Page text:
As a self-taught architect, Herbert Burns brought his own vision to Palm Springs, borrowing from Frank Lloyd Wright and the late moderne style to lay an early foundation for desert modernism. Today’s guests at The Hideaway, Orbit In, and Holiday House appreciate his strong compositions anchored in indoor-outdoor living, soothing horizontality, Arizona sandstone, and Santa Fe brick.
His partly demolished Gillman Residence teetered on the verge of a teardown before Jackie Thomas and DeeAnn McCoy of Thomboy Properties Inc. deemed it ripe for one of their mindful transformations. Void of the original grandeur seen in a 1951 story in Los Angeles Times Home Magazine, the property required a restorative overhaul of epic proportions.
“One of the biggest challenges was identifying all of the architectural elements that were missing and then sourcing or fabricating as many of the original materials as possible,” Thomas says. Their efforts yielded a Class 1 Historic designation in 2022.
Twelve acres of rolling hills and forest along Oakland Avenue in Minnetonka, Minnesota, became the site of the Birdwing house designed by Lloyd Wright. Plans were initiated in 1960 for Charles and Marjorie Pihl, a daughter of co-owner of the Holiday gas station chain.
Originally prepared for a location in Edina, it was determined that the site was too small and would not provide unobstructed views of the surrounding landscape, which was important to the design. In 1965, it was built in Minnetonka and purchased in 1976 by James Rupp, a past president of WCCO.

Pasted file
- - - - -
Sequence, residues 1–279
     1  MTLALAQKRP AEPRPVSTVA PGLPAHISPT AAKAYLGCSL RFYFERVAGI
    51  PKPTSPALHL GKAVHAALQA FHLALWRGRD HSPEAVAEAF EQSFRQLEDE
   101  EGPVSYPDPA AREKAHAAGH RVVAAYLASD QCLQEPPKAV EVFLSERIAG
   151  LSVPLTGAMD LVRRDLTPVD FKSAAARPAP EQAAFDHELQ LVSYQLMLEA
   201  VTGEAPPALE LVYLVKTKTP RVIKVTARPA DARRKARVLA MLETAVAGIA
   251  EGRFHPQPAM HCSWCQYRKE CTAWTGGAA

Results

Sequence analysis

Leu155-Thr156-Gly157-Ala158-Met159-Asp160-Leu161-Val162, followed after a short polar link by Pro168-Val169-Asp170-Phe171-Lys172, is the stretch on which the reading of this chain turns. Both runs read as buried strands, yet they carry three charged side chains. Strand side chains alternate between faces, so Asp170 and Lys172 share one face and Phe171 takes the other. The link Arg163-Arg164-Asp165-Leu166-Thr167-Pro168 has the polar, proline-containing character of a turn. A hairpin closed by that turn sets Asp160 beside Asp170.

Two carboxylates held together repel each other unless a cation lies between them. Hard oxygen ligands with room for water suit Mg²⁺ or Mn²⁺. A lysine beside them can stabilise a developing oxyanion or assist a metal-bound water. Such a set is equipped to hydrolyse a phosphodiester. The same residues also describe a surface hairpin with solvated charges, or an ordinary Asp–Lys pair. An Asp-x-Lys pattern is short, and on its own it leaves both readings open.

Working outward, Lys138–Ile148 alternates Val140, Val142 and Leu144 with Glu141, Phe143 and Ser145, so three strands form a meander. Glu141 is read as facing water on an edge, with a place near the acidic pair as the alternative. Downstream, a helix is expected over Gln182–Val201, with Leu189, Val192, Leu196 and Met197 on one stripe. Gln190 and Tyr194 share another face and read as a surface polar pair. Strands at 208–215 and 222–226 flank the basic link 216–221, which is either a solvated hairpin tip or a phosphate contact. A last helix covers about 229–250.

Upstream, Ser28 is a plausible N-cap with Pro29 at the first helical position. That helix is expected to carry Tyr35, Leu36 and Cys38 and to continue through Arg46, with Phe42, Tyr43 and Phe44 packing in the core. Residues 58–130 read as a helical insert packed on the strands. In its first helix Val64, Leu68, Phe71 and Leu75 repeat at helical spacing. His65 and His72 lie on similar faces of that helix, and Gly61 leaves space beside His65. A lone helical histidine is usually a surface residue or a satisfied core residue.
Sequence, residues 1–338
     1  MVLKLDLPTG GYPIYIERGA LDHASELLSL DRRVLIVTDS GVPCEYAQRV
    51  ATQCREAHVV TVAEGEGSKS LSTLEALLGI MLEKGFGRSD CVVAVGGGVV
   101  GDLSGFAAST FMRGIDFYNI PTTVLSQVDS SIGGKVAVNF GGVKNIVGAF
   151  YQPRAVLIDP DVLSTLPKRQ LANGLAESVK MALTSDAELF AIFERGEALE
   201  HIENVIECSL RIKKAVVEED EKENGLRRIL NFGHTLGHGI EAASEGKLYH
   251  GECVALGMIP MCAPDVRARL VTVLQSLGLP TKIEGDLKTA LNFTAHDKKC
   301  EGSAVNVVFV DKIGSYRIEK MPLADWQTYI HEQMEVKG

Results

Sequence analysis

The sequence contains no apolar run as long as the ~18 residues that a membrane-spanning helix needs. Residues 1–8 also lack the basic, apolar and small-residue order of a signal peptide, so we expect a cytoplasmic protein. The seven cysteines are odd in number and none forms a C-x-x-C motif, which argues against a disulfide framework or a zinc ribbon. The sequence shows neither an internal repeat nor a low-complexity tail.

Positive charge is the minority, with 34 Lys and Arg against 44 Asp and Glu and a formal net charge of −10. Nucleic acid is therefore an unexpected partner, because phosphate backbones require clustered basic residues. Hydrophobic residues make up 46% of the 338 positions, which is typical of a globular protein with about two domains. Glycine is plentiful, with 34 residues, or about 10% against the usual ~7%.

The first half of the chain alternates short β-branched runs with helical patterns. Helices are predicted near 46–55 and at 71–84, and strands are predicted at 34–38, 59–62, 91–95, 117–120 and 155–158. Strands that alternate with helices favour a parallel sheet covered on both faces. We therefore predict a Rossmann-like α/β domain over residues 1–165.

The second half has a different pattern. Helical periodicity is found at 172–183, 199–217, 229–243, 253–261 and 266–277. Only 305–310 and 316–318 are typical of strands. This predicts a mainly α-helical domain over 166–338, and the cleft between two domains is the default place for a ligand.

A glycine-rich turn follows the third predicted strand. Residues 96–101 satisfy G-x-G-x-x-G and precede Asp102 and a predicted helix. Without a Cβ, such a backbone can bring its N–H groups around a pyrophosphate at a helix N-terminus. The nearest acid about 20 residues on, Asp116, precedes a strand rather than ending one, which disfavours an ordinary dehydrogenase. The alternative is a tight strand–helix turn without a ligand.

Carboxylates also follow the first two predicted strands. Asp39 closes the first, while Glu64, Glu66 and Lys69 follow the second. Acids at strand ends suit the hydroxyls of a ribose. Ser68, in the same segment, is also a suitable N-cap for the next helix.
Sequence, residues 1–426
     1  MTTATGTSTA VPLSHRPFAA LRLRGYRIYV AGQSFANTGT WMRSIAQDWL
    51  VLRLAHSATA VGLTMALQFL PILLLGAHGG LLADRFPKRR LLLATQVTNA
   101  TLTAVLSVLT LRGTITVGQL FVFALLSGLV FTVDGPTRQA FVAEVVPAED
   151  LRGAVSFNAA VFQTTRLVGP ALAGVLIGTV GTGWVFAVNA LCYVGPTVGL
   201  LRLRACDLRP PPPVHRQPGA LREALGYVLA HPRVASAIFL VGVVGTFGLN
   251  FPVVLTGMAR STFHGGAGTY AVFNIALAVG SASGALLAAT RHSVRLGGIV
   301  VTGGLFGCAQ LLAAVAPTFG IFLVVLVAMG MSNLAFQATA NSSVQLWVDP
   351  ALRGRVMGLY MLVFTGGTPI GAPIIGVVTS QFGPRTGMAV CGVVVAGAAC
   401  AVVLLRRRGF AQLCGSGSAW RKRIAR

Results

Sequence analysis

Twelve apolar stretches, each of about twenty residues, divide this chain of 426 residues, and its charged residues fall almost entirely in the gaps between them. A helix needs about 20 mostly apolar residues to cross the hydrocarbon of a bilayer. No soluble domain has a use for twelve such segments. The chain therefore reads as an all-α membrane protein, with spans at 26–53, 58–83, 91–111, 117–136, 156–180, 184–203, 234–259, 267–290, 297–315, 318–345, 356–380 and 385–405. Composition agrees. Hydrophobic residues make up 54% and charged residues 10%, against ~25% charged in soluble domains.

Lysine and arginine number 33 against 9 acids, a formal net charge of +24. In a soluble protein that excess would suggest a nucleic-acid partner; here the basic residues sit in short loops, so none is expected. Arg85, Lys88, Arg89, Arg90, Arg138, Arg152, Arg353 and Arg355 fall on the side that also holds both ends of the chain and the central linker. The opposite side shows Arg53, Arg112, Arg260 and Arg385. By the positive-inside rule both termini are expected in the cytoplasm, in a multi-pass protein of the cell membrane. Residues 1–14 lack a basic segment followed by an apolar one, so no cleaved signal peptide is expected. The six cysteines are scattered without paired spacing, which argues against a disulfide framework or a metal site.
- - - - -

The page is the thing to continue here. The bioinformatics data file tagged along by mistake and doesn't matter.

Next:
It is believed that Wright did not actually oversee the plan modifications or construction because Wright built his last house in 1963, thus reducing the home’s historical significance. The design of the home featured two wings with several of the rooms featuring floor-to-ceiling glass and overhanging soffits to control the light coming into the home, reminiscent of the prairie architecture style.
In 2019, the property was sold with plans to subdivide the acreage and demolish the home. However, Polymath Park, a Wright preservation organization, worked with the builder to deconstruct the home and move it to Pennsylvania, where it will be reconstructed and made available for tours.